We shouldn’t be surprised to learn that they don’t leave these expectations at the workplace door. Millennials equate mobility with one of their key values — work-life balance. They expect the workplace to take advantage of computers’ ability to remove geographical and temporal barriers through telework and virtual organizational platforms that make their work lives better (Meyers & Sadaghiani).
Marketers have been tackling the problem of mobility as they try to reach audiences that can be anywhere at anytime. They use a strategy called Integrated Marketing Communication (IMC) to reach Millennials in a fragmented media landscape (Smith). Emails, social media, websites and traditional ads work together but also separately to reach this audience in various situations. Messages are optimized to work on each platform but coordinated to drive the desired action.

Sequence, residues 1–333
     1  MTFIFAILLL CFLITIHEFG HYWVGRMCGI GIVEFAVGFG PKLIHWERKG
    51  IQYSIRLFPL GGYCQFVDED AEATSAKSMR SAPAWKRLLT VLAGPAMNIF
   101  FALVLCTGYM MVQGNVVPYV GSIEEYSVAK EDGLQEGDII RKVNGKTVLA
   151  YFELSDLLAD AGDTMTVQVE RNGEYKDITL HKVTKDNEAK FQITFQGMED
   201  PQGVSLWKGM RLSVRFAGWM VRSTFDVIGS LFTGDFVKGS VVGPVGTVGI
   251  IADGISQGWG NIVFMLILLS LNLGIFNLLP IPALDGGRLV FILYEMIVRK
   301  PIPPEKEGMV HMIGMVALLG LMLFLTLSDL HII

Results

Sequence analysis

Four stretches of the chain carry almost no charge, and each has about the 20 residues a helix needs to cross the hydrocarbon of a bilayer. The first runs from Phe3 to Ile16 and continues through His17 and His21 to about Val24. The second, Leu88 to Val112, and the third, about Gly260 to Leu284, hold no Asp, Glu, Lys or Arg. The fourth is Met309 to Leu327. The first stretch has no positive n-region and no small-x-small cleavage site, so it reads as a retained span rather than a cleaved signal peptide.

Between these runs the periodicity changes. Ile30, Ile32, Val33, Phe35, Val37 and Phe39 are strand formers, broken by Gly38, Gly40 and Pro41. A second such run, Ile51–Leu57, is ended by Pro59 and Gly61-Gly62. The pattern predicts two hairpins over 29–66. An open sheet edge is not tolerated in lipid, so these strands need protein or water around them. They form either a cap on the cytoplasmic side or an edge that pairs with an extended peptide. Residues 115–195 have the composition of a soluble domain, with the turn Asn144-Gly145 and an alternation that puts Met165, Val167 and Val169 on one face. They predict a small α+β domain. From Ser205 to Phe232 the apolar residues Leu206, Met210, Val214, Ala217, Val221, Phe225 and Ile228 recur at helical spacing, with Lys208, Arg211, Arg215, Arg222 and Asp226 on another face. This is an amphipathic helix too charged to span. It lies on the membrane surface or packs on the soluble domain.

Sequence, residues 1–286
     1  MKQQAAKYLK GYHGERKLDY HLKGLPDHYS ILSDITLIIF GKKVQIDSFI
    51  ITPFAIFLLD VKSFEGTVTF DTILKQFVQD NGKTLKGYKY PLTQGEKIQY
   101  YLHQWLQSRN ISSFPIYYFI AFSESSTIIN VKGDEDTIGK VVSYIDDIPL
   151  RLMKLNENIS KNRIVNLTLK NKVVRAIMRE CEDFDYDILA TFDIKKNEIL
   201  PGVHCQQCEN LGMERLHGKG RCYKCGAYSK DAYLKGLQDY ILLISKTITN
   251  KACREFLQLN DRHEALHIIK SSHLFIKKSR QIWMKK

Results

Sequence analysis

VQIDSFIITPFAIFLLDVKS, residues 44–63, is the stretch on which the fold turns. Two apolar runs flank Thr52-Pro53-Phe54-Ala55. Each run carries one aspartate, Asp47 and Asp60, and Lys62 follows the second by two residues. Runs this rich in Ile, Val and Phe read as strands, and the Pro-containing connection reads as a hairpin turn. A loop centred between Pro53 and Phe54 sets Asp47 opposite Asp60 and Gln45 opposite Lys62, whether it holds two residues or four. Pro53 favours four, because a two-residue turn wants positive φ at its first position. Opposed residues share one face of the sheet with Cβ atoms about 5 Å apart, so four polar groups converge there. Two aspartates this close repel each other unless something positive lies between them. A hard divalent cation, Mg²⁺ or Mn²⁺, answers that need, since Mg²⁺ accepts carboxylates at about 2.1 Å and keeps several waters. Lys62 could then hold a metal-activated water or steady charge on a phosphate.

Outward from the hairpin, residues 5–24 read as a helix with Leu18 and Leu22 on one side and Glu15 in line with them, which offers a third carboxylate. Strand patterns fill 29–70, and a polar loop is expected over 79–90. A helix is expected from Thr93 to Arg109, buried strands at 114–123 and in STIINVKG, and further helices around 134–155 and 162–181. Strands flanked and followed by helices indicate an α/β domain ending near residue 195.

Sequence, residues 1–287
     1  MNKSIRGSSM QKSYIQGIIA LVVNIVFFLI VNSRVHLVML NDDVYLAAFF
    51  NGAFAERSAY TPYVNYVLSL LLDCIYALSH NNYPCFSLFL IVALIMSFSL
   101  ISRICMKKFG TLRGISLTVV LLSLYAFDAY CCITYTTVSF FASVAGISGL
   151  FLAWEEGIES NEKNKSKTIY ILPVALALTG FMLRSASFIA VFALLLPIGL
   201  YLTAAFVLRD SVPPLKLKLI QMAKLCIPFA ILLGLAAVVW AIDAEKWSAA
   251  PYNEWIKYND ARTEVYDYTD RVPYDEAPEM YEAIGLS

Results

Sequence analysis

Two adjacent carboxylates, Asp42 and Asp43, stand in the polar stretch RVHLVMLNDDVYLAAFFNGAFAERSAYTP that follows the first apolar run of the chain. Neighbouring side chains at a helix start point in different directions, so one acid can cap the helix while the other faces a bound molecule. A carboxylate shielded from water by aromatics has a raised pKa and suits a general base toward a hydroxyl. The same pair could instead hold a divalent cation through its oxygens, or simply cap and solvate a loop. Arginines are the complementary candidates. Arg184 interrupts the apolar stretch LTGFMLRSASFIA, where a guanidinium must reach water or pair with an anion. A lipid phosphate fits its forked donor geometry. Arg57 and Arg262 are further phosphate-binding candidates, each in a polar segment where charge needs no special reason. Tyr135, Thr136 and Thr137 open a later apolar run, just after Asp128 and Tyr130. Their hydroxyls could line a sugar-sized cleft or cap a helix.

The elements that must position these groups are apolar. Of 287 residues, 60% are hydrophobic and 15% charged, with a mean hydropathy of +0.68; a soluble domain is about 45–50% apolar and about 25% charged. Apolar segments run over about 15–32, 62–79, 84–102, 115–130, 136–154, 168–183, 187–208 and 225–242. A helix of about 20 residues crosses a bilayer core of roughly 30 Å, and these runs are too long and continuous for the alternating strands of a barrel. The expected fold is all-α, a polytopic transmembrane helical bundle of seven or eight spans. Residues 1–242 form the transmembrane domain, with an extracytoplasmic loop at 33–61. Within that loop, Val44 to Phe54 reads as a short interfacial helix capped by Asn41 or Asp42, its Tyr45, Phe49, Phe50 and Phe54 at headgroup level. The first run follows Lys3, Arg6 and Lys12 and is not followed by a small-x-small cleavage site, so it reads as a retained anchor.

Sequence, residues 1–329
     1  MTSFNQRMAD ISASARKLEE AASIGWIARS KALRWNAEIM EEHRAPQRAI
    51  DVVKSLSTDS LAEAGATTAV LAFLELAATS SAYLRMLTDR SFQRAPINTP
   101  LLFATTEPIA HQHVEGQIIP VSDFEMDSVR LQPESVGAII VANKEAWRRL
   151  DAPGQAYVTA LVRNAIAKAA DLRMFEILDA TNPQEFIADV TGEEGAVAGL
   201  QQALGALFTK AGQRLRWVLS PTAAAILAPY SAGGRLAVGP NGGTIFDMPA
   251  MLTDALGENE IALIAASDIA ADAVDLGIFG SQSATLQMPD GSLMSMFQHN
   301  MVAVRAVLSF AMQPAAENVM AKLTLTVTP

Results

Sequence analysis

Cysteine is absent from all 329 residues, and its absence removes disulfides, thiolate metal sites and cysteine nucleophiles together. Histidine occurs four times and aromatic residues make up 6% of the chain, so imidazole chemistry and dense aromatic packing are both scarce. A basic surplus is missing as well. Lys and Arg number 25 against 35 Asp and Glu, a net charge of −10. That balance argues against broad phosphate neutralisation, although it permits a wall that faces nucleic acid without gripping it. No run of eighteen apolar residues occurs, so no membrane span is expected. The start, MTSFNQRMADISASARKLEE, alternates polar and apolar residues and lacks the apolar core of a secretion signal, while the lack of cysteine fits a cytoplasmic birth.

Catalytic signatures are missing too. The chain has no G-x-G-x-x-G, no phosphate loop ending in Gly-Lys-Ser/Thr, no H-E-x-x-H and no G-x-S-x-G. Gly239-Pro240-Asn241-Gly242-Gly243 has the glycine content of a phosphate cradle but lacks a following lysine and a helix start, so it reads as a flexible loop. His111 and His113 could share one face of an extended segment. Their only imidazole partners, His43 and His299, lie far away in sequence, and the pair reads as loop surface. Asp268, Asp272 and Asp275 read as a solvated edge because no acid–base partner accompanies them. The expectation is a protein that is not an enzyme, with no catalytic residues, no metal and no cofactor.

Important workplace messages would benefit from an IMC approach to reaching Millennials (Owen). Fortunately, the access to affordable, easily configured technologies like social media, video, podcasts and apps has never been greater.
Unless you’ve attended college in the last decade you’re likely unaware of a website called RateMyProfessors.com. It functions just like is sounds. Students “review” their professors based on a number of criteria including perceived fairness, difficulty and even “hotness”. The reviews on RateMyProfessors.com are highly subjective and even can be vindictive, but many students use the site to decide which classes to take.
RateMyProfessors.com is a product of our time, where democratic, bottom-up, open source and uncensored opinion is a part of journalism, politics, business and our personal lives. This is social media.